FINRA Sanctions Avenir Financial Group For Fraud

The Financial Industry Regulatory Authority has ordered Avenir Financial Group to pay a $229K fine over allegations that the latter engaged in the fraudulent sale of promissory notes and equity interests in the firm. Avenir is suspended from taking part in the self-offerings of securities for two years.
According to the FINRA hearing panel, the firm, its ex-CEO/CCO Michael Todd Clements, and registered representative Karim Ahmed Ibrahim, also known as Chris Allen, purposely omitted or misrepresented material facts related to the sale of equity interests in the firm. Avenir is accused of making misrepresentations when selling debt and equity interests in the holding company of its branch office.
The FINRA ruling said that in 2013, Avenir solicited investors through funds via an equity self-offering because the firm needed capital. The self-regulatory organization said that Clements told Ibraham to tell customers that this money would go toward day-to-date operations and growth at Avenir but did not tell him about the firm’s financial issues and certain other information.

Ibrahim gave customers who agreed to invest a purchase agreement but not much else in the way of other written materials or information about Avenir. Ibrahim has since testified before FINRA that he knew that Avenir had financial issues but did not disclose them.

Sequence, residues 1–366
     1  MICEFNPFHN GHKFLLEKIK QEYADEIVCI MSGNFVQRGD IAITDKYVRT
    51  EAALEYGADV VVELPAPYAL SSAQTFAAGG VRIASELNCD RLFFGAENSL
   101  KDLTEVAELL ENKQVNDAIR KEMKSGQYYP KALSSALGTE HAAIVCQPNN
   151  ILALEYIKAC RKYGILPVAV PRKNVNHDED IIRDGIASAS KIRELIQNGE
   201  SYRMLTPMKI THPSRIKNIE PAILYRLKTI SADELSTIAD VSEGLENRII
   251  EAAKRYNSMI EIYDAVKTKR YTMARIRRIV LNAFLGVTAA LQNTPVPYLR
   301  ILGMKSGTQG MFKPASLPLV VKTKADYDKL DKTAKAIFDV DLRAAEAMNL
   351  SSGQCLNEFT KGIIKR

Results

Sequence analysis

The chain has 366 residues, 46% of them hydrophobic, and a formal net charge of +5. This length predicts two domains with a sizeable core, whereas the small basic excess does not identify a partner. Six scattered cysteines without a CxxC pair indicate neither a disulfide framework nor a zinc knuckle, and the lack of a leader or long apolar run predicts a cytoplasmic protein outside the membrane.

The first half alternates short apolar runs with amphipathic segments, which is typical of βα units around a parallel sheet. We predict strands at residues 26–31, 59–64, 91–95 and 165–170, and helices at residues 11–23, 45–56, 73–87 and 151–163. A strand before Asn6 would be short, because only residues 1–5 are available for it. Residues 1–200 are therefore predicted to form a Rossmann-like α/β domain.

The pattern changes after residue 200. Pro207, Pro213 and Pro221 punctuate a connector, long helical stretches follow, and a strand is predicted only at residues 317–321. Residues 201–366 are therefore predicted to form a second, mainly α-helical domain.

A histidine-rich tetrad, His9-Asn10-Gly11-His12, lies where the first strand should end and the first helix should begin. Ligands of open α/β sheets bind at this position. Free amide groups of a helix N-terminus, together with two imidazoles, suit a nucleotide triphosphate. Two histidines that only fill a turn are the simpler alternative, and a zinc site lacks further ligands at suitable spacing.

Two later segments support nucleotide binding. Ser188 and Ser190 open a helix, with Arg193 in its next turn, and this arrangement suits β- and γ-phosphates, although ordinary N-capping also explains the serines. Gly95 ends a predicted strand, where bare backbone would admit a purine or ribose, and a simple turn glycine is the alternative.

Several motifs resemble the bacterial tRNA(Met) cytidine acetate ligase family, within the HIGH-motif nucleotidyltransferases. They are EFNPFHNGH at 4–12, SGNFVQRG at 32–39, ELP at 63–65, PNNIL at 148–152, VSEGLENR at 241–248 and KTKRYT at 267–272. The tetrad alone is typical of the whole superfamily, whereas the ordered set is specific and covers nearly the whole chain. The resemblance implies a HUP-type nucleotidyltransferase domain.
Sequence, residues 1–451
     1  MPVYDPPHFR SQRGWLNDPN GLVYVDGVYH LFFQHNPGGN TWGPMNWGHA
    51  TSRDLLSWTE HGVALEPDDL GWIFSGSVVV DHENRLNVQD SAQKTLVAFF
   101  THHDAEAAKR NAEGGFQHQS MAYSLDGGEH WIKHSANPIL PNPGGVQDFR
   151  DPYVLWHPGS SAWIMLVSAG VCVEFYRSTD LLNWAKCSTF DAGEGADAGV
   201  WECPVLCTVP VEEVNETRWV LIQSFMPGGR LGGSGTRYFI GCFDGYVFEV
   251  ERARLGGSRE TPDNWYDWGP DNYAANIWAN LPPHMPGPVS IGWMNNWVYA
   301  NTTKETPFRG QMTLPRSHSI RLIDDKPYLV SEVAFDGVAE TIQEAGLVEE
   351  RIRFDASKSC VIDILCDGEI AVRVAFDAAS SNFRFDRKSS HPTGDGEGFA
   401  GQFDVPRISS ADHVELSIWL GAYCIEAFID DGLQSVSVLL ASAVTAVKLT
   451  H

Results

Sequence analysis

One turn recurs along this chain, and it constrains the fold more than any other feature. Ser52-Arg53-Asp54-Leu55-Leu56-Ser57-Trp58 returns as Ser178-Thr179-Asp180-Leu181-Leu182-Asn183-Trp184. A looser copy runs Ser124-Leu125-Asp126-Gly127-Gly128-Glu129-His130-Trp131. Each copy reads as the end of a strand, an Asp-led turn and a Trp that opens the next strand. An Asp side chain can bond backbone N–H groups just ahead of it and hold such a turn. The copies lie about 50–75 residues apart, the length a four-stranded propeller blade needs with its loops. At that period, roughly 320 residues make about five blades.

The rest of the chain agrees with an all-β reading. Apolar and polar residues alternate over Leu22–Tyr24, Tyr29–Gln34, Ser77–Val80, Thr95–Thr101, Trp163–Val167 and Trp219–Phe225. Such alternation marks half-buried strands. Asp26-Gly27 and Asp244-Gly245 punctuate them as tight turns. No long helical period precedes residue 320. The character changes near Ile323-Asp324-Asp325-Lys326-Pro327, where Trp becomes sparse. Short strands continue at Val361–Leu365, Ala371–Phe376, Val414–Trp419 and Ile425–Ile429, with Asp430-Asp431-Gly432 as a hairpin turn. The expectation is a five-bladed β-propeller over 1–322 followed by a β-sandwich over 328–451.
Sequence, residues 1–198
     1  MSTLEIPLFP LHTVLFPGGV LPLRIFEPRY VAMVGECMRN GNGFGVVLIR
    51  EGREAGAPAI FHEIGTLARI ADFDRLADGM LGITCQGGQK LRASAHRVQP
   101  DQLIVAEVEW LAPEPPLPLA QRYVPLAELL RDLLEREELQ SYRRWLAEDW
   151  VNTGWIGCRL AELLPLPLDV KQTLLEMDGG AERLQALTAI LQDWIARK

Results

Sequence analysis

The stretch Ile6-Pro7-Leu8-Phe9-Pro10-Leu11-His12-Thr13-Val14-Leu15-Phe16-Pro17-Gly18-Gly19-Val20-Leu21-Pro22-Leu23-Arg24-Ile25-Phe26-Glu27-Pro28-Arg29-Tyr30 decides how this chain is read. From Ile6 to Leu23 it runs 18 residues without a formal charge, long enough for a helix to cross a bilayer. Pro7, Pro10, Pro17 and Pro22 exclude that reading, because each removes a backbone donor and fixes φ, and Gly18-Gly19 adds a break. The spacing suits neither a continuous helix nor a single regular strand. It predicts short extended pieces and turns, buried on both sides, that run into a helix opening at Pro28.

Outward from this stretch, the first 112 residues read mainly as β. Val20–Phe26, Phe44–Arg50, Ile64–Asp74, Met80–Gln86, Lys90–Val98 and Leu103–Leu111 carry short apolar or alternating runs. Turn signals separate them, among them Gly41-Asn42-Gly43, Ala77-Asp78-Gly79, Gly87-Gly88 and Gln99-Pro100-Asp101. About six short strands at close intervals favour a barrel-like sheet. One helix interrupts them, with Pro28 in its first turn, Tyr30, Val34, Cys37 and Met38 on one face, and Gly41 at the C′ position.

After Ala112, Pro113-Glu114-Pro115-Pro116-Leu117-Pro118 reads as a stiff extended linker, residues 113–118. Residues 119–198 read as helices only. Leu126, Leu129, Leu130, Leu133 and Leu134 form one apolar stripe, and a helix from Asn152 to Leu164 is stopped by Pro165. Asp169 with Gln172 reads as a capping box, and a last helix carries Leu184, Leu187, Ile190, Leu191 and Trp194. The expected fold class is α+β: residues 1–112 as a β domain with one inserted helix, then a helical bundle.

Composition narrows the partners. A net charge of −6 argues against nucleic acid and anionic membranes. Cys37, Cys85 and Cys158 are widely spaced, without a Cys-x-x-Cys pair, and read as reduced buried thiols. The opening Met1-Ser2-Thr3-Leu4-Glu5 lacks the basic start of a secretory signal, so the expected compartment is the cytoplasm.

Now, FINRA has barred Clements from the securities industry and suspended Ibrahim for two years. The latter must disgorge $25K in commissions. The two men and Avenir must offer customers whom they defrauded rescission. The FINRA charges accusing Clements of aiding and abetting the fraud and Avenir of misusing customer funds have been dismissed.
In another example of alleged misrepresentation, ex-Avenir representative Cesar Rodriquez, whom FINRA barred in 2015, was accused of selling a 2% equity interest in the firm to a customer for $$100K. The customer had been investing life insurance proceeds for his grandchild. Clements and Rodriguez told the man that the firm was doing “exceptionally well” financially in terms of growth. The customer was only given his purchase agreement and no other written documents. He was not notified about Avenir’s financial issues even though at the time the firm was not allowed to conduct securities business because it did not have enough capital.
A FINRA panel has barred  Clements from the securities industry.
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